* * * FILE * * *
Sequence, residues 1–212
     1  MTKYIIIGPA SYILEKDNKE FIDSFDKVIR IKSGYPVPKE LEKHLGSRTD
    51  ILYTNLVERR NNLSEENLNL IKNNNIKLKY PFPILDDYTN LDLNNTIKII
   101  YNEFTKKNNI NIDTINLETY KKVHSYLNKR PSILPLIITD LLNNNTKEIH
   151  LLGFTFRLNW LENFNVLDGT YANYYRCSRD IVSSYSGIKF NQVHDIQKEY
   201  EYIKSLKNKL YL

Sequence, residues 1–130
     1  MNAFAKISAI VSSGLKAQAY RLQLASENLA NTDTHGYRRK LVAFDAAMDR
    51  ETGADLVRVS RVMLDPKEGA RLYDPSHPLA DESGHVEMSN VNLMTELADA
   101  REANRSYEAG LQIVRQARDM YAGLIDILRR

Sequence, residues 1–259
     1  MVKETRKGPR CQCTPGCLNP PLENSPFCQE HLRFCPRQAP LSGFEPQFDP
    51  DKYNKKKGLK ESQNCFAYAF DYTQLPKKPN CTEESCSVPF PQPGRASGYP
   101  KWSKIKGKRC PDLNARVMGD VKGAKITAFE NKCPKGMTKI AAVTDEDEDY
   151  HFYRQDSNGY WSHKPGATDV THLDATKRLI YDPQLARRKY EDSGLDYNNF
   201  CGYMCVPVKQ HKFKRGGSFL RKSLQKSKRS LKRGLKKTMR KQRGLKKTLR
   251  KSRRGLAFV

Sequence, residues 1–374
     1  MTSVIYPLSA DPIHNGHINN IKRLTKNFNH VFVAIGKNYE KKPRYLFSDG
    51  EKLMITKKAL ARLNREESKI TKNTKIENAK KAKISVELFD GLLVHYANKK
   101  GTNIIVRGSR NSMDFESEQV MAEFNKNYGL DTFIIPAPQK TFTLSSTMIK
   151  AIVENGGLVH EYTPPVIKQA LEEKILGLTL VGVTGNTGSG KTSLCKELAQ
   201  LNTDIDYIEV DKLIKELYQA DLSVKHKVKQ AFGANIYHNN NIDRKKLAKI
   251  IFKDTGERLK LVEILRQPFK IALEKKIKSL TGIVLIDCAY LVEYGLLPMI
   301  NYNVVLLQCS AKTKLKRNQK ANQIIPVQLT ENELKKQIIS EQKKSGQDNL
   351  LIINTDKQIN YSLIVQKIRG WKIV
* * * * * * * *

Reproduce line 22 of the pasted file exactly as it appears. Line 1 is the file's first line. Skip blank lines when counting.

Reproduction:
   151  AIVENGGLVH EYTPPVIKQA LEEKILGLTL VGVTGNTGSG KTSLCKELAQ